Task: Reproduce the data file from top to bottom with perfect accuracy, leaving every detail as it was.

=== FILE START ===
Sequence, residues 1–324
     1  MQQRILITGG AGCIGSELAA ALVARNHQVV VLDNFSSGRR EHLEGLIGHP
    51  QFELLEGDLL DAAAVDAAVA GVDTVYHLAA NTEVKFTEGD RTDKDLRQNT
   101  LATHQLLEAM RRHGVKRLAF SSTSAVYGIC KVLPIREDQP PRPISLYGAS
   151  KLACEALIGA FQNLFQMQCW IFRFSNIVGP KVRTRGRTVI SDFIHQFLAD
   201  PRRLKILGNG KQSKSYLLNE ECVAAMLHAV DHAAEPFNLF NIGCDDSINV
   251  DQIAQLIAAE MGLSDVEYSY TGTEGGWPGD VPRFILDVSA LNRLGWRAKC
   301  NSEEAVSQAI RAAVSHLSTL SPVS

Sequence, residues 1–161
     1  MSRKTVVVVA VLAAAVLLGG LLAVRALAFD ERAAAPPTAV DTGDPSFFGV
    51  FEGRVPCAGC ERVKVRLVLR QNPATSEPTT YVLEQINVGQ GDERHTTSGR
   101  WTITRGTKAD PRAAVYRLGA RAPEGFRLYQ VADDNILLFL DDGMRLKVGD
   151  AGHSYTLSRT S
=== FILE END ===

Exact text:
Sequence, residues 1–324
     1  MQQRILITGG AGCIGSELAA ALVARNHQVV VLDNFSSGRR EHLEGLIGHP
    51  QFELLEGDLL DAAAVDAAVA GVDTVYHLAA NTEVKFTEGD RTDKDLRQNT
   101  LATHQLLEAM RRHGVKRLAF SSTSAVYGIC KVLPIREDQP PRPISLYGAS
   151  KLACEALIGA FQNLFQMQCW IFRFSNIVGP KVRTRGRTVI SDFIHQFLAD
   201  PRRLKILGNG KQSKSYLLNE ECVAAMLHAV DHAAEPFNLF NIGCDDSINV
   251  DQIAQLIAAE MGLSDVEYSY TGTEGGWPGD VPRFILDVSA LNRLGWRAKC
   301  NSEEAVSQAI RAAVSHLSTL SPVS

Sequence, residues 1–161
     1  MSRKTVVVVA VLAAAVLLGG LLAVRALAFD ERAAAPPTAV DTGDPSFFGV
    51  FEGRVPCAGC ERVKVRLVLR QNPATSEPTT YVLEQINVGQ GDERHTTSGR
   101  WTITRGTKAD PRAAVYRLGA RAPEGFRLYQ VADDNILLFL DDGMRLKVGD
   151  AGHSYTLSRT S